In a move designed to further weaken Microsoft’s stranglehold on the desktop, Google has announced Chrome Apps for Windows and Chrome OS.
You’d be forgiven for thinking that we already had apps for Chrome, but Chrome Apps are a completely new initiative from Google. Chrome Apps use Native Client, software that is based on web standards but features additional Chrome only code to allow deeper integration into local machines, to allow for desktop class applications.
At the core Chrome Apps are based on standard web technologies, but run outside of the Chrome browser and appear to the user as a normal desktop application. Google claims that they want to create applications that are indistinguishable from standard Windows applications but can run cross platform.
While this might seem like a strange move for a company with such strong ties to the web, it signals Google’s acceptance that there are still some things the web cannot do. It’s is an olive branch to those whose applications need access to the GPU, local storage, and other hardware.
Brian Rakowski, a Chrome VP said, “We want to make Chrome OS a full-fledged operating system. We want to make sure there are no reasons it’s not the right product for everyone.”
- Chrome Apps work completely offline.
- There’s no browser UI or tabs, just the application you’re using.
- Access and save the documents, photos and videos on your hard drive as well as on Google and other web services.
- Interact with your USB, Bluetooth and other devices connected to your desktop, including digital cameras.
- Apps update silently, so you always get all the latest features and security fixes (unless permissions change).
- Chrome syncs your apps to any desktop device you sign in to, so you can keep working.
“Users don’t care what technology their apps are built with. Users may not even fully grasp what it means to be a Chrome App, and that’s okay. We want Chrome Apps to be so good you don’t even realize it’s something different,” says Rahul Roy-Chowdhury, a manager on the project.
Many will see Chrome Apps as history repeating itself. Plugins like Java, Microsoft’s ActiveX, and Flash all attempted to augment the web experience with operating system specific plugins with varying degrees of success — or some would say failure. The difference here, however, is that Google isn’t attempting to bring additional features to the web. Chrome Apps won’t replace web apps. In fact, I’d argue that using the “Chrome” name only causes confusion. Chrome Apps have at their core web standards but run separately from the web.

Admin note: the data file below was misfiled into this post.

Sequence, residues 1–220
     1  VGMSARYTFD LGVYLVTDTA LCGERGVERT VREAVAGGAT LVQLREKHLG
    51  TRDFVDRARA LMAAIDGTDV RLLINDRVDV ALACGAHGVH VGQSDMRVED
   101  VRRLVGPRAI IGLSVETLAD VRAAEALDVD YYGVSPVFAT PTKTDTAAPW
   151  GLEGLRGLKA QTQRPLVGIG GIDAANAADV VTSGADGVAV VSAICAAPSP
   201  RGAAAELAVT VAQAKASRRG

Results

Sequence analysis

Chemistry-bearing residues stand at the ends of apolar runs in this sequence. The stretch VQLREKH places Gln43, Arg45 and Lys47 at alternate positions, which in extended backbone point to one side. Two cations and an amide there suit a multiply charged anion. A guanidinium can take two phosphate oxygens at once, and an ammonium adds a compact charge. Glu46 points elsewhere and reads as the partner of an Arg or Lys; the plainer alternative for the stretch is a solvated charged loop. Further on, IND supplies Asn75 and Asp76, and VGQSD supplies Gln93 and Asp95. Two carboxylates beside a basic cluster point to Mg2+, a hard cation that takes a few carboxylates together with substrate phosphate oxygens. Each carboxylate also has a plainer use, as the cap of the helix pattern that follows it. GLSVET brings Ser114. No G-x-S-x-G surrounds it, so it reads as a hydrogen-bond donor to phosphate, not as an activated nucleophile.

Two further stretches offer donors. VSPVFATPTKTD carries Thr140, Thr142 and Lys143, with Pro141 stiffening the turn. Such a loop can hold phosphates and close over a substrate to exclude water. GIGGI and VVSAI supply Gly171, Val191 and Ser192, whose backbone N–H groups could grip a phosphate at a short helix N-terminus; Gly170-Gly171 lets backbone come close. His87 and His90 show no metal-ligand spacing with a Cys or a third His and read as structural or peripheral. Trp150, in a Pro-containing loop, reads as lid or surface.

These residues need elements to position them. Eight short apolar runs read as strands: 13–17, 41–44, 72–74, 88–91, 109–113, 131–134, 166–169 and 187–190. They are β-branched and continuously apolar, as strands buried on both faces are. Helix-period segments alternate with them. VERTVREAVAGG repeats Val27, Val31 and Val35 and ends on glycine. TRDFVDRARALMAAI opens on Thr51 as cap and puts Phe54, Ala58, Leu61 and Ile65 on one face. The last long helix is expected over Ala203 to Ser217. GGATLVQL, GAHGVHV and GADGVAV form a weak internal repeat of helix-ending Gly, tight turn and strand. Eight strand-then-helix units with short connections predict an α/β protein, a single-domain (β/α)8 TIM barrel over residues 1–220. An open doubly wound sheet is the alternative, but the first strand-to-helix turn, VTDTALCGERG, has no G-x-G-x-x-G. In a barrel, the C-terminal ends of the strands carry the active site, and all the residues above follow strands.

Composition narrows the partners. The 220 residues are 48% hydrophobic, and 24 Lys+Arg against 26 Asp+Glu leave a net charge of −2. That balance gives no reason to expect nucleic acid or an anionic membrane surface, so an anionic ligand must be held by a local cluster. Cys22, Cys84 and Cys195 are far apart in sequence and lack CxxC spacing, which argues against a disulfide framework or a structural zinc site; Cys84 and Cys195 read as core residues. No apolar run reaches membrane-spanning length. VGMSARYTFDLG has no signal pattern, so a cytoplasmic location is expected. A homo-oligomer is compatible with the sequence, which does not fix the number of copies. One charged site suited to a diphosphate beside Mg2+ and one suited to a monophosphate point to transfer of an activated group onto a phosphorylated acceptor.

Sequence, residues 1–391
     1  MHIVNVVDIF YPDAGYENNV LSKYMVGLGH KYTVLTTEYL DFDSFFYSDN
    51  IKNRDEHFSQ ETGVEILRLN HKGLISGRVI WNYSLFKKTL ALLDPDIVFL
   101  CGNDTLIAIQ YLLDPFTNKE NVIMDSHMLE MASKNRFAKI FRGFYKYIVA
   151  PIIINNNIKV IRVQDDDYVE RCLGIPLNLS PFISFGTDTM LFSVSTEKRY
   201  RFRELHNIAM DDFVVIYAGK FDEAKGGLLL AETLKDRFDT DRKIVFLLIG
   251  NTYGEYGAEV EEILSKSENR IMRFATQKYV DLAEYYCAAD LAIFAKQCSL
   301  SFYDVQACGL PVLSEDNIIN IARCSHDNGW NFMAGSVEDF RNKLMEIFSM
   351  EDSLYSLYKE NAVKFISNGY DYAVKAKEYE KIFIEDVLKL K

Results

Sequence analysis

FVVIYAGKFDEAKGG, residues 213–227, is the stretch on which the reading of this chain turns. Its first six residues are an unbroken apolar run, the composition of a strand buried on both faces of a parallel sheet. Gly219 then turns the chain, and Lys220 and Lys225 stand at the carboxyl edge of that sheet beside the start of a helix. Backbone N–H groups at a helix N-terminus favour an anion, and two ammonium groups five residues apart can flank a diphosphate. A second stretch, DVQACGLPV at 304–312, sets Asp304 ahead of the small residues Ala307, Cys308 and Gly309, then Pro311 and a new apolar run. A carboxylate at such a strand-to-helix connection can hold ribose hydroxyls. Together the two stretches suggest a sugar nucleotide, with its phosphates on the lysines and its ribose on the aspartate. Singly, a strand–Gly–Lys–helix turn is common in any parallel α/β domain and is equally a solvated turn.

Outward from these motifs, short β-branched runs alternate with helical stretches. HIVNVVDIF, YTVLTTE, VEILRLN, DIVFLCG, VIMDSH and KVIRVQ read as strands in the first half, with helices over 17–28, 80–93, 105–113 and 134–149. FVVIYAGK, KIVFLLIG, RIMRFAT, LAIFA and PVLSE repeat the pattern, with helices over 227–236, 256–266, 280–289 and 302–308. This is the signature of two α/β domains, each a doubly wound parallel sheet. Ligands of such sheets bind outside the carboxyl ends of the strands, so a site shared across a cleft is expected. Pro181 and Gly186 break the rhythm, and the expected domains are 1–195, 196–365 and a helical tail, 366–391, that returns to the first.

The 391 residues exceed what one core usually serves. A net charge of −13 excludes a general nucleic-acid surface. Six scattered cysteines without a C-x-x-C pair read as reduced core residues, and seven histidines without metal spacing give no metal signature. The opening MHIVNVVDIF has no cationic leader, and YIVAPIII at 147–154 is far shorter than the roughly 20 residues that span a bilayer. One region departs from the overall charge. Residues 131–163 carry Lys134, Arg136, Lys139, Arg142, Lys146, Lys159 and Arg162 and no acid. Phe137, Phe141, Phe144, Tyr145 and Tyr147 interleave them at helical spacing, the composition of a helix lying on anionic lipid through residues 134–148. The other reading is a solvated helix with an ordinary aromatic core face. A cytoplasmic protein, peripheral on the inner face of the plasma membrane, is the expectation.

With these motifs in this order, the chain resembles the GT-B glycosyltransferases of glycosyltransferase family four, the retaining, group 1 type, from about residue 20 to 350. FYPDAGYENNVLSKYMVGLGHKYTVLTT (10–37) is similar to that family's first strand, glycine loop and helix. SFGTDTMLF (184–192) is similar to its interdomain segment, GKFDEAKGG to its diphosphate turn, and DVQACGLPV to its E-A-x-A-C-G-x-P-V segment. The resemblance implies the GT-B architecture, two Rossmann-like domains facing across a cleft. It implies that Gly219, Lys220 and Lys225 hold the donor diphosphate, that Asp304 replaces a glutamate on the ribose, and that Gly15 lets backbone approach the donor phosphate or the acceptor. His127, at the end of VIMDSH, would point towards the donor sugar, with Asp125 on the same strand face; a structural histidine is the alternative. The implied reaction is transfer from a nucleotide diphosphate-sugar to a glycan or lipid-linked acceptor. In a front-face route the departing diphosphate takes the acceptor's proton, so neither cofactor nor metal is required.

The goal of ActiveX was to bring desktop features — like accessing local hardware — to the web. Chrome Apps are Google’s attempt to bridge the gap (and push forward) web standards and desirable functionality. Chrome Apps is Google’s acknowledgement that web apps are not “quite there” yet.
[pullquote]Google’s ultimate goal isn’t to take over the desktop and spoil Microsoft’s monopoly, it’s to transition everyone to the web.[/pullquote]
The thing that stops Chrome Apps being just another browser plugin is that Google’s ultimate goal isn’t to take over the desktop and spoil Microsoft’s monopoly, it’s to transition everyone to the web. Chrome Apps is just another step in this plan and will be scrapped as soon as web standards catch up with Google’s long term vision.
A limited number of Chrome Apps are available now from a new Chrome Apps tab in the Chrome Web Store for Windows and Chrome OS. Further platforms are expected to be supported shortly, including Mac and Linux.
Google also states that its goal is to allow Chrome Apps to run anywhere that Chrome runs, presumably including mobile operating systems such as iOS and Android.
For schools this means more reliable and rich desktop class applications that run across platforms. Applications that students and teachers can “take home” creating a seamless transition between school and home. This can only be a good thing for schools.